If birth defects from a mosquito bite weren’t enough to make your skin crawl, there are now findings that suggest the linking of a brain disorder among older adults that are infected with the zika virus. A new study shows that the Zika virus may provoke an attack on the central nervous system. This only adds to the growing list of neurological complications associated with the Zika virus.
Public health officials are concerned about the impact that the Zika virus may pose on the United States. Dr. Ann Schuchat, principal deputy director of the Centers for Disease Control and Prevention, said in an interview that “Most of what we’ve learned is not reassuring.” Adding that, “Everything that we look at with this virus seems to be a bit scarier than we initially thought.”
The autoimmune syndrome called acute disseminated encephalomyelitis, or ADEM, attacks the brain and spinal chord. This new discovery also suggests that the disease can attack the central nervous system in adults as well. Typically, ADEM occurs after infection when the white protective coat around the nerve fibers is damaged. This nerve damage results in numbness, weakness, loss of balance and vision, and other symptoms similar to multiple sclerosis.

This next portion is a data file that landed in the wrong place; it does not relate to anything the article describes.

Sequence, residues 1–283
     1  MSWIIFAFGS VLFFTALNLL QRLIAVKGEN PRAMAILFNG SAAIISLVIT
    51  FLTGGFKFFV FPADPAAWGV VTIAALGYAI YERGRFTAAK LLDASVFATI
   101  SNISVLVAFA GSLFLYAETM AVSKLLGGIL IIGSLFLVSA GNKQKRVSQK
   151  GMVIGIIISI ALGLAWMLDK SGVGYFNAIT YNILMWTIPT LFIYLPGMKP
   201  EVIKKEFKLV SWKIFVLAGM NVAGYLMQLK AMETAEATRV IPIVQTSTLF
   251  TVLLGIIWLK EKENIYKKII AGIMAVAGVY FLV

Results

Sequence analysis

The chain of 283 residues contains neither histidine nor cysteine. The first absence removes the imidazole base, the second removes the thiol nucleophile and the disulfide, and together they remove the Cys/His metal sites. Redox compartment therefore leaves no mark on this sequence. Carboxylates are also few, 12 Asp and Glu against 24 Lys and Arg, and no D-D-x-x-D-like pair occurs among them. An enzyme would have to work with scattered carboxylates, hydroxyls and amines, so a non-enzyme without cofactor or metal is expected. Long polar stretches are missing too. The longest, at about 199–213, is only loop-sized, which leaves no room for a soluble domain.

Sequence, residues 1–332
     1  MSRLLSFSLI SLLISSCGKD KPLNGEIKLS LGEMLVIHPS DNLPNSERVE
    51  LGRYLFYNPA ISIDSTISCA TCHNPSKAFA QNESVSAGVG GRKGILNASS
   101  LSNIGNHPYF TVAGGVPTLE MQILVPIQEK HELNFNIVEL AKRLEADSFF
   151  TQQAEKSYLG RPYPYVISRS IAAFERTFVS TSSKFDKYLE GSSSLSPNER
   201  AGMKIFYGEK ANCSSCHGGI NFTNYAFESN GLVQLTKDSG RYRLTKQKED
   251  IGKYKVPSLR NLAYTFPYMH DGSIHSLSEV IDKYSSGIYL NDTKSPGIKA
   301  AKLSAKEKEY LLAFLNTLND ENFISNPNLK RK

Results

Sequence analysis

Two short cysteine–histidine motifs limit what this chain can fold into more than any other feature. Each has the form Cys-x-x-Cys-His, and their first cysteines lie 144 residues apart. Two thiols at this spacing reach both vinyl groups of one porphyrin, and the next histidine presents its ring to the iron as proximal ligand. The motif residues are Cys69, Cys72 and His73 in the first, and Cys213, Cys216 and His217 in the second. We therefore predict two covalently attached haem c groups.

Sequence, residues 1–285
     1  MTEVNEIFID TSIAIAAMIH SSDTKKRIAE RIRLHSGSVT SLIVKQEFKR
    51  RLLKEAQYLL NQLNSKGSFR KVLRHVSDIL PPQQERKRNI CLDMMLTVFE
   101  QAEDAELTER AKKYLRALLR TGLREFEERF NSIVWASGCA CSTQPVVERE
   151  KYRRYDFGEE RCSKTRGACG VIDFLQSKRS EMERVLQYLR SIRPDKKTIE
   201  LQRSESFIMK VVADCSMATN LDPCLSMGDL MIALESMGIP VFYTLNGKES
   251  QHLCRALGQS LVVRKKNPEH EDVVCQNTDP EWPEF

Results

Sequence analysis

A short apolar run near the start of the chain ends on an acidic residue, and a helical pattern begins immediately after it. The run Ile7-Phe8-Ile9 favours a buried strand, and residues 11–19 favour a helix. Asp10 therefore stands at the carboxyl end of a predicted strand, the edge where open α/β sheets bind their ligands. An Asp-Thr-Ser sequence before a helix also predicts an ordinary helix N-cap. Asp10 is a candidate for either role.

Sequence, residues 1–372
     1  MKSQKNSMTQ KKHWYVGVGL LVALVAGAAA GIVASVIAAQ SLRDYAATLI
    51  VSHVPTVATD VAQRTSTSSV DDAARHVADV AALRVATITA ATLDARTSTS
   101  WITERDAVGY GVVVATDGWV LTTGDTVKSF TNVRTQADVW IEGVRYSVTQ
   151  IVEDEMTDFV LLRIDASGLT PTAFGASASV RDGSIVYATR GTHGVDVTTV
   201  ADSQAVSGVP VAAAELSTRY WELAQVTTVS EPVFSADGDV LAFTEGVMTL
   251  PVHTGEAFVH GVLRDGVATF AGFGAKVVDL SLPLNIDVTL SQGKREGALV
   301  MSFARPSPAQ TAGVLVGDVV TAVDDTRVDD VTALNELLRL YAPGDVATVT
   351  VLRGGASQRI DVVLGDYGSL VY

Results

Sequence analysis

Zika has been linked to Guillain-Barre syndrome, which is an autoimmune disorder that attacks the peripheral nerves outside the brain and spinal chord. This can cause temporary paralysis, and in some cases, make patients require a respirator for breathing. The most poignant effect of this autoimmune disorder is microcephaly, which is usually defined by abnormally small heads in infants. Microcephaly is also known to cause developmental delays later in life, and is a major concern among expecting mothers.
The Next Step for Zika
Right now, the CDC is using remaining funds ($510 million) from the Ebola epidemic to research the Zika virus.
Tips for Preventing The Zika Virus
- Wear mosquito repellent with DEET, which is safe for pregnant women
- Dump any standing water
- Use a condom during intercourse
- Avoid traveling South where the virus is prevalent